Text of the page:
Ras Mek Peace
(Before Reverb and Without Delay)

I’d been searching three years for a reggae band to record. Then I heard Midnite, just in from St. Croix. Thirty seconds of their tight, crushingly powerful bass groove ended my search. Here was the rootsiest, most spiritually pure reggae I’d heard in decades. Not just another party band singing about dope and copping Wailers’ riffs, Midnite’s songs are brilliantly poetic and devastatingly iconoclastic. And they had the guts to record without electronic cosmetics (no reverb, EQ, overdubs, etc.)—a first in reggae history. That’s why this is the cleanest, punchiest reggae sound you’ve heard—gut-wrenching electric bass (the best I’ve ever recorded), razor-sharp guitar, raw and clear vocals. (#06552)

Vaughn Benjamin, vocals
Ron Benjamin, keyboards
Tuff Lion, electric guitar
Joe Straws, electric bass
Dion (Bosie) Hopkins, drums



Pagan, Pay Gone
In The Race So Far
Banking In The Pig - Listen to Full Song
Lion Wears The Crown- Listen to Sample
Natty Watching You
Rasta Man Stand
Love Right (Live Right)
Foolish And The Wise - Listen to Sample
All compositions by Midnite



CMJ New Music Report:
reviewed by James Lien

This no-overdub, all-organic, live-in-the-studio album is a feast of heavy, pulsing reggae the likes of which is seldom heard amidst the modern chatter of drum machines, programming and hip-hop influenced dancehall remixes. Midnite vocalist Vaughan Benjamin is the pure and conscious voice of roots reggae, singing, chanting and groaning his way through Midnite's ten lengthy, bass-heavy jams. Play this record next to any vintage record from the likes of Spear, Marley or Tosh and you'll find it on par with these of its noble predecessors. For Fans Of: Bob Marley, Bunny Wailer, Wingless Angels. Recommended Tracks: "Pagan, Pay Gone," "In the Race So Far," "Banking The Pig," "Natty Watching You".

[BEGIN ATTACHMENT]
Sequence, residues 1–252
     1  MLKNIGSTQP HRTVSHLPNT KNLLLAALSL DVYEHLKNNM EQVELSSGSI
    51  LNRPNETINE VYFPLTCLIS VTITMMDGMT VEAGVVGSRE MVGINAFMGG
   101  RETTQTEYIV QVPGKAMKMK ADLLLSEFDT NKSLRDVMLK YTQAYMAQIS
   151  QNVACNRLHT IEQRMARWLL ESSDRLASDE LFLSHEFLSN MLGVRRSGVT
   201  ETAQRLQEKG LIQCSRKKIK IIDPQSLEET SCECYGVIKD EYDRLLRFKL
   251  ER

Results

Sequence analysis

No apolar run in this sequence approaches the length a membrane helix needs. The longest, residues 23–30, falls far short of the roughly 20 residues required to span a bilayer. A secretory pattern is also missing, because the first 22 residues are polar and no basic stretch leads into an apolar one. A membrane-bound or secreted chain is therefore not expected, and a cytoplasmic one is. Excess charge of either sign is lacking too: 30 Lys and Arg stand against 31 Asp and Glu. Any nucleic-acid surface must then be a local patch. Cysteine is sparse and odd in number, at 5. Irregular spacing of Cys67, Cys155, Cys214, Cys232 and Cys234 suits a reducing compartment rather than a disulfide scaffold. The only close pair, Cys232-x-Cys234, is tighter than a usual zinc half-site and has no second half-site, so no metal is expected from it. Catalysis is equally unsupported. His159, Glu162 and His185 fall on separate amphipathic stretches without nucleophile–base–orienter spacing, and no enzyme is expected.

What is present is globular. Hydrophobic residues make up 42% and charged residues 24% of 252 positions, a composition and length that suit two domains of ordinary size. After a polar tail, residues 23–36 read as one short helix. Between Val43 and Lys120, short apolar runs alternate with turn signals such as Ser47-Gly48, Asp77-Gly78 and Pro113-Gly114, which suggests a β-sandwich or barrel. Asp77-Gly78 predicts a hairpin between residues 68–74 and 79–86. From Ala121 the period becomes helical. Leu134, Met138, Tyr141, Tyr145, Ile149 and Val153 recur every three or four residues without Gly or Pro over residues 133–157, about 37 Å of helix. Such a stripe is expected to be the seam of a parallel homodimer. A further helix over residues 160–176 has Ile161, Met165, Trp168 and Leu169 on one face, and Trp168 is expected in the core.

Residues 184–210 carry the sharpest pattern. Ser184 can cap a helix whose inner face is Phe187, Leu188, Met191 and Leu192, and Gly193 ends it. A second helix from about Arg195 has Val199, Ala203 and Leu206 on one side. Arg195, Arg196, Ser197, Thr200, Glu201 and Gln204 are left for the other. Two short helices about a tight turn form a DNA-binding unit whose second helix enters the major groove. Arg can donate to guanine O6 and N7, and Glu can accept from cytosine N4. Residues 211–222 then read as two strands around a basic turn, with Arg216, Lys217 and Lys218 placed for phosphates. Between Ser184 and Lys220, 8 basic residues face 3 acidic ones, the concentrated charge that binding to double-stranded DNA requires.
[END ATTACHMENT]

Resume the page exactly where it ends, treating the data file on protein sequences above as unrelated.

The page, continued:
December 20, 1999

Dirty Linen:
reviewed by Winthrop Dahl

A triad of reggae CDs for those who are looking for some new Jah inspiration. Midnite is an adept Rastafarian band from the D.C. area, and the music they play is old-style roots reggae with no electronics, but plenty of iyer consciousness. The bass and drums are crisp, and the reasonings of the lyrics are resounding. Although one cut, "Natty Watching You," goes on for a bit too long, Ras Mek Peace is an impressive album.

October/November '00 #90